The former Vice President of Finance and CFO of a publicly traded company unsuccessfully moved to dismiss claims asserted against him by the Securities and Exchange Commission for, among other things, violations of Rule 10b-5 based upon the inclusion of allegedly false and misleading statements in the company’s Form 10-K and Form 10-Q.
The SEC alleged that the company falsely represented in its annual report and SEC filings that a $9.8 million write-off was attributable entirely to activities of a limited segment of the company occurring in 2001. As asserted in the complaint, the defendant knew at the time he signed the SEC filings in issue that the write-offs concerned activities spanning at least a three year period and involving activities of many of the company’s business units. Rejecting the defendant’s challenge to the adequacy of these allegations under Rule 9(b), the court determined that the “fraud with particularity” pleading requirements were met because the SEC identified contemporaneous statements and information that were available to the defendant at the time he signed the SEC filings that contradicted representations contained in the filings.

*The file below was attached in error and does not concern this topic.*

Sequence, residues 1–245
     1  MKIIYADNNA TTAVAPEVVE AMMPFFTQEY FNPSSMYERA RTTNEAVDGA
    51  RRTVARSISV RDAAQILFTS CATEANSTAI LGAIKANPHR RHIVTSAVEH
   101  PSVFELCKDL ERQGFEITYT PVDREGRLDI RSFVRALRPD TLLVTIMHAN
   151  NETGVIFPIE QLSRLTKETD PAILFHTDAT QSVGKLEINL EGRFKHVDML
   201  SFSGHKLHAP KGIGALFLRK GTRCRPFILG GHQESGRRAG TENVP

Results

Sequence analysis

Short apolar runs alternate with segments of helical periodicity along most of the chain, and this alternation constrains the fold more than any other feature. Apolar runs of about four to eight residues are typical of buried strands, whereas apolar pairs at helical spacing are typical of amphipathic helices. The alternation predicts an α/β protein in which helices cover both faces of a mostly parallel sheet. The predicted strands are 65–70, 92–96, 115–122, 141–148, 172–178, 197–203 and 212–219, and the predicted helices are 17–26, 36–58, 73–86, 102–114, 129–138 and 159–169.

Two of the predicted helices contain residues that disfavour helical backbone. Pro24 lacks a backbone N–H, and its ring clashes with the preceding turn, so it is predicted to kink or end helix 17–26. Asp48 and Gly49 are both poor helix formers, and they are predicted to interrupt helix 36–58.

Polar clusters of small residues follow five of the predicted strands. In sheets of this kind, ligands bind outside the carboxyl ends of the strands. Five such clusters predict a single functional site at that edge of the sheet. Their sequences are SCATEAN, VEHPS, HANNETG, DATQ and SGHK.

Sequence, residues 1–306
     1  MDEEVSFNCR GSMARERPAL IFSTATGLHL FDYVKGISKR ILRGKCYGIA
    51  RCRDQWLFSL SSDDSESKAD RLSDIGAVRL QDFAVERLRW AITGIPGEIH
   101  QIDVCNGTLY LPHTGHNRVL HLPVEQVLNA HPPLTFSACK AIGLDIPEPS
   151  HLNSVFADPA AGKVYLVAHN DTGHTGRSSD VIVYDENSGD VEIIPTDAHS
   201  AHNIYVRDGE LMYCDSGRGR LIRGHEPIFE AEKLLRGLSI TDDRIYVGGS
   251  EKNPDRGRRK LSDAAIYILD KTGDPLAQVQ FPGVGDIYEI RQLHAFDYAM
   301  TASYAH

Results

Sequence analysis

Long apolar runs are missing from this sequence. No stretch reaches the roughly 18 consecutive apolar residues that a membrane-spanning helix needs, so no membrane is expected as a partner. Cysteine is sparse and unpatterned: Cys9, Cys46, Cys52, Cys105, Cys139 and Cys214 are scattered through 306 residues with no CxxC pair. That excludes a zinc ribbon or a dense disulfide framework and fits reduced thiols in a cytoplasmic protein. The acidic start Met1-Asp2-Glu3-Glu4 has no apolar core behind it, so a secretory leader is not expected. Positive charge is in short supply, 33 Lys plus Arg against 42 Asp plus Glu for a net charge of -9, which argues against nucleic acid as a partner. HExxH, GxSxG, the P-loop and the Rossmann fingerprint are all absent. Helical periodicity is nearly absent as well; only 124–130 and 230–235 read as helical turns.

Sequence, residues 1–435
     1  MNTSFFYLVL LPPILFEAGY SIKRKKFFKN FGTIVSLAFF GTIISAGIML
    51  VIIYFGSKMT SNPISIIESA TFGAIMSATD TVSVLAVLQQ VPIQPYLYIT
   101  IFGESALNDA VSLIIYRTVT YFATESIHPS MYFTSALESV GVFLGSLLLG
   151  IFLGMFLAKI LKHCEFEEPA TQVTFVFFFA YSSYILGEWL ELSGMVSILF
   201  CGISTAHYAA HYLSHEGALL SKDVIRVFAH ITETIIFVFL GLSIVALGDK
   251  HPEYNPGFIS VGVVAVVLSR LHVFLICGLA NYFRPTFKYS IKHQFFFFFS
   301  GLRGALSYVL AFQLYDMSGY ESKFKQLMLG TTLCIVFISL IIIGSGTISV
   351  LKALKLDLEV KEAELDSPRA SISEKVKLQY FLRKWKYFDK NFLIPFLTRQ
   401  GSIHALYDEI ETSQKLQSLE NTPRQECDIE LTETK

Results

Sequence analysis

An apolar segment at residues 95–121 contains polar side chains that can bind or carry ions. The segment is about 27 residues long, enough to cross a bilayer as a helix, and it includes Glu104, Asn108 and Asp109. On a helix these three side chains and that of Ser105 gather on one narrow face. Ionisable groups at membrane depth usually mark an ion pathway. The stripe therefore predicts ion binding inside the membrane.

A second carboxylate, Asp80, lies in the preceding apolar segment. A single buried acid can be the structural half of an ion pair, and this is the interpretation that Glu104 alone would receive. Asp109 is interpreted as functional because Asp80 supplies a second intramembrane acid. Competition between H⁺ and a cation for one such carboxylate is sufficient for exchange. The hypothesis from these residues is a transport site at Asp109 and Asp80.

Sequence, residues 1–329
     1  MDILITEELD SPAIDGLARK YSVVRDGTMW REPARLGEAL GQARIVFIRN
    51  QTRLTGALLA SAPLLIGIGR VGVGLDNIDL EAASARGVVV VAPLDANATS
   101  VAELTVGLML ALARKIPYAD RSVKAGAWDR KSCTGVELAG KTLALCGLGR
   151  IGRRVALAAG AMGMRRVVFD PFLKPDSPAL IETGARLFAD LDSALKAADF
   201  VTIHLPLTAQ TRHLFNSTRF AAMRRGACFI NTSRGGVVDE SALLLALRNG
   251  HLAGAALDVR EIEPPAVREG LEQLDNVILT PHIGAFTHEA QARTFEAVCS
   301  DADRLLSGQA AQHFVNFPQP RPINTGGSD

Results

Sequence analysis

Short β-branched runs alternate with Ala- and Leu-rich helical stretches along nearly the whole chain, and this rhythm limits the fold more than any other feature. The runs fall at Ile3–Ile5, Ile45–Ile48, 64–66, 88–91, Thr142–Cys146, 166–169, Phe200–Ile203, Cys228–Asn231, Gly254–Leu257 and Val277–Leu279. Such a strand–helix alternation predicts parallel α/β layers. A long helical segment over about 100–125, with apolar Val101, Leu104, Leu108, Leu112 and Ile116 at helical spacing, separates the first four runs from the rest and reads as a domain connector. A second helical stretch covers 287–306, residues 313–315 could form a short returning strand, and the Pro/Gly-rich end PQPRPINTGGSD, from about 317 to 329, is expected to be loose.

The Court also ruled that the SEC’s allegations that defendant’s execution of documents filed with the SEC and of “representation letters” sent to the company’s auditors without disclosing “alarming information” concerning the company’s financial condition of which he was aware (e.g., the existence of significant unsubstantiated account balances and significant internal accounting discrepancies) sufficiently established scienter for pleading purposes. (SEC v. Baxter, 2007 WL 2013958 (N.D.Cal. July 11, 2007))